What both metaphors fail to acknowledge is that computers are not simply tools or personas. They are complex. In our interaction with them, they define who we are.

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Metaphor and Materiality

Judy Wajcman, ‘Metaphor and Materiality’, pp.102-130, in:
Wajcman, J., 2004. TechnoFeminism. Polity, Cambridge ; Malden, MA.

p.102

Technology is an intimate presence in our lives and increasingly defines who we are and how we live. Just as the typewriter and the automobile were icons of freedom for women in the discourse of modernity that presaged first-wave feminism, so cyberspace and cyborgs have become ubiquitous postmodern symbols for feminism today.

Women’s lives have changed irrevocably during the twentieth century, rendering traditional sex roles increasingly untenable.

Testo Junkie

Beatriz Preciado, Testo Junkie: Sex, Drugs, and Biopolitics – Journal #44 April 2013 – e-flux [WWW Document], n.d. URL http://www.e-flux.com/journal/44/60141/testo-junkie-sex-drugs-and-biopolitics/ (accessed 1.2.17).

The changes within neoliberalism that we are witnessing are characterized not only by the transformation of “gender,” “sex,” “sexuality,” “sexual identity,” and “pleasure” into objects of the political management of living, but also by the fact that this management itself is carried out through the new dynamics of advanced techno-capitalism, global media, and biotechnologies.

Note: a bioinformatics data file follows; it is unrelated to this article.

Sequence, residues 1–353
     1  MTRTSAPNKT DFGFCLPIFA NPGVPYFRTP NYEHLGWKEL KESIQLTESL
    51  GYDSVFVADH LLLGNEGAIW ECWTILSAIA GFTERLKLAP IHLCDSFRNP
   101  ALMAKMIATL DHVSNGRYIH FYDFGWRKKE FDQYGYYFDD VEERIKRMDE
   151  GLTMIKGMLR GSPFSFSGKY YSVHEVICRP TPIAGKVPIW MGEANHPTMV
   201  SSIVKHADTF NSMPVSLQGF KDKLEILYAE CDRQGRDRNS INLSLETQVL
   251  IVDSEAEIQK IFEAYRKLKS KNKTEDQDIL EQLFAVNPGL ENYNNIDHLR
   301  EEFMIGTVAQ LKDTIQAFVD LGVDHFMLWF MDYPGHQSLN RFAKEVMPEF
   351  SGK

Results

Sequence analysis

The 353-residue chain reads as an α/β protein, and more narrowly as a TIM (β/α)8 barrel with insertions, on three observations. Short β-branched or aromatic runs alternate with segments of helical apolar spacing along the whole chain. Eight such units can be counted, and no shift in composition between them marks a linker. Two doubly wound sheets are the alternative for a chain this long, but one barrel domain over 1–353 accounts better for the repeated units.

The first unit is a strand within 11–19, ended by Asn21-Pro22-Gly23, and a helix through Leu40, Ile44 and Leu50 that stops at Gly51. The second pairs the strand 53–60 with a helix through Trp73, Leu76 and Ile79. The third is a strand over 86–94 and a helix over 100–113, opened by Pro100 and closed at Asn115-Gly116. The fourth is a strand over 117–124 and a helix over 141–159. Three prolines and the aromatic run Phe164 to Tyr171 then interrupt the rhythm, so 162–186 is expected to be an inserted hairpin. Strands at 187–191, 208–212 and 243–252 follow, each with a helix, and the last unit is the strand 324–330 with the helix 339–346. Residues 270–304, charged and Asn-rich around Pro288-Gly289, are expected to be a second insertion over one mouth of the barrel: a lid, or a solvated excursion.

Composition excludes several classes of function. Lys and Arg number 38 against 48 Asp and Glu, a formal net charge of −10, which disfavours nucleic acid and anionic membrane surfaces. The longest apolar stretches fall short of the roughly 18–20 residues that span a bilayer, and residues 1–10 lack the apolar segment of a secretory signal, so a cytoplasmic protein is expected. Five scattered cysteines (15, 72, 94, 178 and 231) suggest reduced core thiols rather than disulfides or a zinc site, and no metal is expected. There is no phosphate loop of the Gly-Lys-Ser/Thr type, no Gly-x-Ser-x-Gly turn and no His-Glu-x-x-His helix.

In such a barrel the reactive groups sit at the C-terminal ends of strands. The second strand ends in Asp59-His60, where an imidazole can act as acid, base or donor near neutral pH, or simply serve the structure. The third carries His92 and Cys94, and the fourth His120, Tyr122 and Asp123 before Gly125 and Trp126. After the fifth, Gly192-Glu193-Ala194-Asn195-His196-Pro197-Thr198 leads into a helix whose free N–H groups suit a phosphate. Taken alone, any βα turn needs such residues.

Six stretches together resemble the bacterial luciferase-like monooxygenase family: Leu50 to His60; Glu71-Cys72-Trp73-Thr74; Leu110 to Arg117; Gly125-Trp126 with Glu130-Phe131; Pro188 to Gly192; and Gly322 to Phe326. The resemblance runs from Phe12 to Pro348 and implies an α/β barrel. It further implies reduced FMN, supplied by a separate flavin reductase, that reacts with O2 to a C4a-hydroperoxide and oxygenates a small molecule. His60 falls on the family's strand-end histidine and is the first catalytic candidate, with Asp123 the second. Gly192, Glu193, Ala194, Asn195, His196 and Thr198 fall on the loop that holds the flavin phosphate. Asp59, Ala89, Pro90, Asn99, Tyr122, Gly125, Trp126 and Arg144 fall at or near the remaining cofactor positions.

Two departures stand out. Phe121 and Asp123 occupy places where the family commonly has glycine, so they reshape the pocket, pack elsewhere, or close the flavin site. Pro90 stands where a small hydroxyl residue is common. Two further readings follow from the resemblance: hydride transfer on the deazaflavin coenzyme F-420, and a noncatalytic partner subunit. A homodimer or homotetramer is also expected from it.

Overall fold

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The Cyborg Solution

Judy Wajcman, ‘The Cyborg Solution’, pp.78-101, in:
Wajcman, J., 2004. TechnoFeminism. Polity, Cambridge ; Malden, MA.
p.79
Feminists were among the first to make the links between reproductive technologies, genetic engineering and eugenics.
[…] the focus of much of the early analysis by radical feminists was a determination to reclaim motherhood as the foundation of women’s identity. Implicit in this view is a concept of reproduction as a natural process, inherent in women alone, and a theory of technology as patriarchal, enabling the male exploitation of women and nature.
Like ecological feminists, radical feminists celebrated the identification of women with nature and saw women as having a special responsibility to ensure the integrity of human and natural life on earth.

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The Feminization of Labour in Cognitive Capitalism

Cristina Morini, 2007. The Feminization of Labour in Cognitive Capitalism. Feminist Review 40–59.
p.41
Women from the world’s under-developed countries have been transformed into salaried substitutes of the reproduction of women from the developed countries, at the expense of their own capacity or wish for reproduction; women in the developed countries are driven towards production or indeed towards a future where life is artificial and/or sterile.